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The film is based on a true story of the 9th company during the Soviet invasion in Afghanistan in the 1980's. Young Soviet Army recruits are sent from a boot camp into the middle of the war in Afghanistan. The action is not like a boot camp at all. It is very bloody and dirty. The 9th company is defending the hill 3234. They are hopelessly calling for help.Written by
As the movie opens and we see a squad of young, boisterous, Soviet civilians enter basic training, get their heads embaldened, and loafing around joking afterwards, my initial thought what "WTF? What kind of an army is this?" We see a recruit attacking his barber and cutting a swath through his hair with electric clippers because he didn't like the barber's twitting him. I had my hair cut off too, along with dozens of others, but everyone was hypervigilant, too nervous to gripe about any indignities. Then, now bald, the men pass the time in the barracks waiting to be told what to do and they share a bottle of VODKA and get loaded. This is the first day of basic training? Later they sneak off and gang bang a local girl, then pass around a joint. This is an ARMY?
There is the usual diversity among the men, but not very like an American combat film. No Texans or wise guys from Brooklyn. But there are class differences. One soldier who has eaten out of garbage cans snaps at another who is an educated artist. The training regimen soon turns earnest, rigorous, and brutal -- and much more familiar. The F bomb is generously deployed, along with plenty of single entendres. The battle-scarred drill sergeant always in a rage, swearing and humiliating the men. The growing cohesiveness and developing friendships within the squad. Actually, we get to like the guys because we can identify with them, just as in an American movie.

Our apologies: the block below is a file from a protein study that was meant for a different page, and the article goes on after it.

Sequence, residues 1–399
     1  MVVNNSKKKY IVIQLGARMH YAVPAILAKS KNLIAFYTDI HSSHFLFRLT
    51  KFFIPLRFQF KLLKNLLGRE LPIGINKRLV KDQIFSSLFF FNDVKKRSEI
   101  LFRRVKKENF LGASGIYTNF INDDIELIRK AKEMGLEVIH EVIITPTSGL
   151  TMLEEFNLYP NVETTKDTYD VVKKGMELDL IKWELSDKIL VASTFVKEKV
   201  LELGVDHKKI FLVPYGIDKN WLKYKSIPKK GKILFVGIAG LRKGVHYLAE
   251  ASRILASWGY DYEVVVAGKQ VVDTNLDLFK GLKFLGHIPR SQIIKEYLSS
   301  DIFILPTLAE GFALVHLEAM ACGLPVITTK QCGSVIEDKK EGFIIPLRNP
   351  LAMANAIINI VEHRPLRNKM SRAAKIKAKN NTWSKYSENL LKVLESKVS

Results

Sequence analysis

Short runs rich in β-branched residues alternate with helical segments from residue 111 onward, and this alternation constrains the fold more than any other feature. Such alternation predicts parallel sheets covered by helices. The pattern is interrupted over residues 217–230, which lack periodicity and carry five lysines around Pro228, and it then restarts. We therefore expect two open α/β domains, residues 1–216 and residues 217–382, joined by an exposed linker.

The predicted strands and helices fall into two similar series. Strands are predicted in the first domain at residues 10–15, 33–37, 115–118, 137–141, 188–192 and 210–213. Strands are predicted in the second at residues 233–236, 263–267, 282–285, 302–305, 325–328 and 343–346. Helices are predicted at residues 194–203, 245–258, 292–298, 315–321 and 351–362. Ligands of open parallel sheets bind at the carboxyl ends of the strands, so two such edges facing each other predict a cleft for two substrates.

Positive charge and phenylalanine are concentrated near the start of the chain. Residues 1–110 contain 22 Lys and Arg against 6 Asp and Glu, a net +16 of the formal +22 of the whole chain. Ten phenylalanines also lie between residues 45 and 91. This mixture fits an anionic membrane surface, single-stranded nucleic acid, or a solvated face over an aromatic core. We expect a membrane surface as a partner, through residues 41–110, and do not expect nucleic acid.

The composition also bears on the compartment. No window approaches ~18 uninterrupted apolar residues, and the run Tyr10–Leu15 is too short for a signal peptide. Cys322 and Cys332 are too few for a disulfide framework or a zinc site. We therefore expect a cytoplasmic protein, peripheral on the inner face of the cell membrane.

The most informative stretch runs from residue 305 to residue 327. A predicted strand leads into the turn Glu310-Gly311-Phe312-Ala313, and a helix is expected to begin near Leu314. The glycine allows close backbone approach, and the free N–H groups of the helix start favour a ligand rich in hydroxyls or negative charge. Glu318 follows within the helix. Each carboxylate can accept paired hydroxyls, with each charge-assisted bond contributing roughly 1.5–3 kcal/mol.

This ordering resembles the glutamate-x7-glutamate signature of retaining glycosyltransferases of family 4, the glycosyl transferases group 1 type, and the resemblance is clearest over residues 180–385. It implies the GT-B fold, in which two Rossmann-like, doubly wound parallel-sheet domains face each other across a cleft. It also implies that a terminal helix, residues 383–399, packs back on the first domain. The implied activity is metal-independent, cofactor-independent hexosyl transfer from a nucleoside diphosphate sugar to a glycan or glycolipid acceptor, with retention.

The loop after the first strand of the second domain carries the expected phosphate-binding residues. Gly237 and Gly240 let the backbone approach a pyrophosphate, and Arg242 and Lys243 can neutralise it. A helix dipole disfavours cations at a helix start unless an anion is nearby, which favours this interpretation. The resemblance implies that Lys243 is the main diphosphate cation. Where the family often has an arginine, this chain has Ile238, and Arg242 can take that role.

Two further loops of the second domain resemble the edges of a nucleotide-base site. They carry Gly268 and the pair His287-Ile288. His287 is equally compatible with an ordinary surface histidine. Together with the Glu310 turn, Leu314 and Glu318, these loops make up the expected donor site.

There's a touching scene involving the camp's whore, who is blond and rather plain. The squad are all stoned but the chuckling dies down as they trade ideas about wounds and death. The artist is sent by the others into the next room with "Snow White," the blond, told to lose his virginity and become a real man. The girl is sweaty and bedraggled but the young man sees beauty behind the ordinariness. He tells her so and she giggles in surprise, disbelief, and the kind of relief an animal must feel when, instead of the usual kick, he's petted instead. And when the artist pulls her naked back into the squad room, he shouts that he's found Venus rising from the sea. The other men, howling with laughter, throw themselves at her feet while she holds her fingers to her over-ripe lips and laughs in little bursts, half uncomprehending and half swooning with pleasure.
In the second part of the film the squad reaches Afghanistan and most of the jokes disappear. What doesn't kill you makes you stronger. (Eventually something is going to kill you, though.) The combat scenes are savage and yet recognizable from American movies about Vietnam or, more particularly, from "Blackhawk Down." It takes a little getting used to because at first the uniforms, weapons, and military protocol are a little different from ours. And at first it's odd to hear up-to-date American voices and slang terms from other nationals but the pattern soon reveals itself and we can sit back and watch another movie about a futile war against the masked and black-robed Mujuhadin against whom we would send our own troops in another twelve or thirteen years.
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